Ibrahim Sulayman Muhammad Arbaysh

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Ibrahim Sulayman Muhammad Arbaysh
Ibrahim al-Rubaish.jpg
Born Ibrahim Sulayman Muhammad al-Rubaish
(1979-07-07)7 July 1979
Buraidah, Saudi Arabia
Died 12 April 2015(2015-04-12) (aged 35)
Hadhramaut Governorate, Yemen
Cause of death Drone attack
Criminal status Repatriated in 2006 and placed on the Saudi most wanted list in 2009. Became senior leader in AQAP, killed in drone strike

Ibrahim Sulayman Muhammad al-Rubaish (July 7, 1979 – April 12, 2015) was a terrorist and a senior leader of Al Qaida in the Arabian Peninsula (AQAP), who was held in extrajudicial detention in the United States's Guantanamo Bay detention camp in Cuba. He was released into the custody of Saudi Arabian authorities and then escaped in 2006. He became AQAP's mufti (expounder of Islamic law).[1]

Guantanamo detention[edit]

Al-Rubaish was captured near the Pakistan-Afghan border and transferred to Saudi Arabia on December 13, 2006.[2]

On February 3, 2009 Saudi security officials published a new list of Saudi suspected terrorists. Al-Rubaish was one of 11 of the 85 men on this list who was a former Guantanamo captive.[2]

AQAP's mufti[edit]

In November 2009 a research paper from the think tank The Jamestown Foundation asserted that Al-Rubaish was now a mufti for Al Qaida in the Arabian Peninsula (AQAP).[3][4]

Call for assassination of Saudi royals[edit]

The paper's author Murad Batal Al-Shishani asserted that Al-Rubaish had produced an audio tape Al-Qaida had released in September attempting to justify a recent attempt to assassinate a senior member of the Saudi Royal Family. The paper asserted Al-Rubaish had published a book criticizing Shaykh Salman al-Ouda, a critic of al Qaida's attacks on September 11, 2001. It also claimed that he had released an additional audio tape in November 2009, criticizing the Saudi government's introduction of mixed sex education for children.

Repatriation and escape[edit]

ISN 192 -- Ibrahim Sulayman Muhammad Arbaysh's Guantanamo detainee assessment.

Al-Rubaish was transferred to Saudi Arabia on December 13, 2006, then escaped from custody and joined AQAP in Yemen, becoming a senior figure in the group.[3][5]

Call for jihad[edit]

In early 2013 Al-Rubaish called for jihad against Americans, saying "It is my duty to spur the Muslims to kill the Americans, to get them out of the Muslims' land", also expressing hope that Sunnis would unite in a war against Shiite Iran.[6]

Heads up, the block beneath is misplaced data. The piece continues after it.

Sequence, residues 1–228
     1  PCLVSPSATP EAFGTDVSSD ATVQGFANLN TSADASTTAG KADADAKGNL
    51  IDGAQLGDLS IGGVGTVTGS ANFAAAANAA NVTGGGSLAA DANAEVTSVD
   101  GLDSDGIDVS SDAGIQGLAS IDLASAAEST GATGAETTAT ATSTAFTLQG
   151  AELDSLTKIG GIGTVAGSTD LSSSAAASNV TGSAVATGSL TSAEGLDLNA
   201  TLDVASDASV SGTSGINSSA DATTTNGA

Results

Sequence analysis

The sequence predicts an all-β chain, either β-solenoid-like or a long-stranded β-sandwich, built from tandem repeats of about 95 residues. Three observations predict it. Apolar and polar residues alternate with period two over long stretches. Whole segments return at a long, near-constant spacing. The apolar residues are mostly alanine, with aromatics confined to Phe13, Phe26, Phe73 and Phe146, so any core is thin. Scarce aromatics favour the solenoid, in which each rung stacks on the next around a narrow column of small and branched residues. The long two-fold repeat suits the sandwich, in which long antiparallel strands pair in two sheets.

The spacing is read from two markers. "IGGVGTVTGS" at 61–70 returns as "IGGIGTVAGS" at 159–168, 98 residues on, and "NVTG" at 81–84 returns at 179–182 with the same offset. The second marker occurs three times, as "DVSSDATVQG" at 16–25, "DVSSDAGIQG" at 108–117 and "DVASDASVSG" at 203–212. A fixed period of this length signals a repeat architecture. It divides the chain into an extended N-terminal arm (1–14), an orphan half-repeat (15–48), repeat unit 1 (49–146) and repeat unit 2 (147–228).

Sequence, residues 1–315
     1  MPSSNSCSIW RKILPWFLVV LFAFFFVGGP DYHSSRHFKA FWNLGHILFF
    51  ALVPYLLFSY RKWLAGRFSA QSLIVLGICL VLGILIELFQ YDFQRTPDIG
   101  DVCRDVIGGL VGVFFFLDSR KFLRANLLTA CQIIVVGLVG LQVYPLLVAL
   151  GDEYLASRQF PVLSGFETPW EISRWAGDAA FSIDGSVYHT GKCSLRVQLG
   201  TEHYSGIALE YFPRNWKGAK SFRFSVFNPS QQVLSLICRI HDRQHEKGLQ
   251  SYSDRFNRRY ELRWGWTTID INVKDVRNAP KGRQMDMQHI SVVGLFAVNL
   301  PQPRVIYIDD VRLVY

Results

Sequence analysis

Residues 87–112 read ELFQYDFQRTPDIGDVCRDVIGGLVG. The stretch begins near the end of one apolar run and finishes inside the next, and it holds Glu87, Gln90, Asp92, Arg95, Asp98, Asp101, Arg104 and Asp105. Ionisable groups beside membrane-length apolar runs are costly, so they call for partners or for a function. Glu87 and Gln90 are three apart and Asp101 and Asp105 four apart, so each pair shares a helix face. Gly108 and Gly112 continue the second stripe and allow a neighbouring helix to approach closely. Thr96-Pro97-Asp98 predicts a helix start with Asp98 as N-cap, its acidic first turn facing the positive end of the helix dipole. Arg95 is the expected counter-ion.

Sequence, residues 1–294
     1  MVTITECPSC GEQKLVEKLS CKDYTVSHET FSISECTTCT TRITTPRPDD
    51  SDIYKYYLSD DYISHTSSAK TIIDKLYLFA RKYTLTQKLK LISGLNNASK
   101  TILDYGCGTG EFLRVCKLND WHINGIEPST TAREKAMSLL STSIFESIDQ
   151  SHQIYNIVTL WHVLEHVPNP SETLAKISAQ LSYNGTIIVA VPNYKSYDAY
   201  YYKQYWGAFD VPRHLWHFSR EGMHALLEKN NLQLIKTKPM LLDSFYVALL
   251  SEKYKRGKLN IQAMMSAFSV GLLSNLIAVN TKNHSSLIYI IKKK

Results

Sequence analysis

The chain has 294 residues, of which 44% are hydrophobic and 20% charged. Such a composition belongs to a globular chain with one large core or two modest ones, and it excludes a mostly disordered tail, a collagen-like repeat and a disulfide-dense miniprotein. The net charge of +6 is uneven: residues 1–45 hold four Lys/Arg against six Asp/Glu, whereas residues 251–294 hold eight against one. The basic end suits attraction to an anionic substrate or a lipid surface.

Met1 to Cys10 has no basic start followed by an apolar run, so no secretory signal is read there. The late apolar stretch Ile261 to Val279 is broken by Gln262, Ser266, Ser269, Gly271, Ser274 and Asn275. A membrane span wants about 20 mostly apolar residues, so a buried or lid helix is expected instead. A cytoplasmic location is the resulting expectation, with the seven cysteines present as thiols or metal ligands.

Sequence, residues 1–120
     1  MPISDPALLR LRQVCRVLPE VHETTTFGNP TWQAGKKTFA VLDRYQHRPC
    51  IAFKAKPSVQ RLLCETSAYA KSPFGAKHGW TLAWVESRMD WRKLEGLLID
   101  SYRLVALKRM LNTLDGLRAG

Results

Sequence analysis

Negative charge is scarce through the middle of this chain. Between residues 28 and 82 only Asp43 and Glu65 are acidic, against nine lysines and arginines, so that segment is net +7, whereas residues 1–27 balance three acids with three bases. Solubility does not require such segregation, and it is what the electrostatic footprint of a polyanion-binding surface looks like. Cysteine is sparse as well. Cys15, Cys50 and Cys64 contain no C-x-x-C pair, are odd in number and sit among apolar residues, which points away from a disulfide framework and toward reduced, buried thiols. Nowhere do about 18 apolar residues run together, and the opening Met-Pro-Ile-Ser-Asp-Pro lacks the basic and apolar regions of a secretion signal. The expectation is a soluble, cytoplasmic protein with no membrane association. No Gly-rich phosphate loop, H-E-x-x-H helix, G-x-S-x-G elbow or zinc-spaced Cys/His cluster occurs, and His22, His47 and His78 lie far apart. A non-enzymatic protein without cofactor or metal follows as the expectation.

U.S. terrorist designation and reward[edit]

In October 2014, the U.S. State Department's Rewards for Justice program opened a US$5 million reward for Al-Rubaish's location.[7] In December 2014, he was designated a Specially Designated Global Terrorist.[8]

Death[edit]

AQAP released a statement in April 2015 announcing that al-Rubaish had been killed with other unnamed individuals in a drone strike near Mukalla on 12 April 2015. It is believed that the drone strike was carried out by the United States.[5]

See also[edit]

References[edit]

  1. ^ "List of Individuals Detained by the Department of Defense at Guantanamo Bay, Cuba from January 2002 through May 15, 2006" (PDF). United States Department of Defense. 2006-05-15. Retrieved 2006-05-15. 
  2. ^ a b Hood, Jay W. (Major General) (November 30, 2005). "Ibrahim Sulayman Muhammad Arbaysh-". JTF GTMO Detainee Assessment. US Department of Defense. p. 3. Retrieved April 15, 2015 – via The Guantánamo Docket-The New York Times. 
  3. ^ a b "Former GITMO detainee now al-Qaida brass". United Press International. 2009-12-04. Archived from the original on 2009-12-06. Retrieved 2009-12-05. 
  4. ^ Murad Batal Al-shishani (2009-11-25). "Ibrahim al-Rubaish: New Religious Ideologue of al-Qaeda in Saudi Arabia Calls for Revival of Assassination Tactic". The Jamestown Foundation. Archived from the original on 2009-12-06. 
  5. ^ a b "Yemen al-Qaida branch says top cleric killed in drone attack". Associated Press. 14 April 2015. Archived from the original on 15 April 2015. 
  6. ^ Memri March 12, 2013
  7. ^ "Reward Offers for Information on Al-Qaida in the Arabian Peninsula (AQAP) Leaders". U.S. Department of State - Rewards for Justice. 14 October 2014. 
  8. ^ "Terrorist Designations of Ajand Misr and Ibrahim al-Rubaysh". U.S. Department of State. 18 December 2014. 

External links[edit]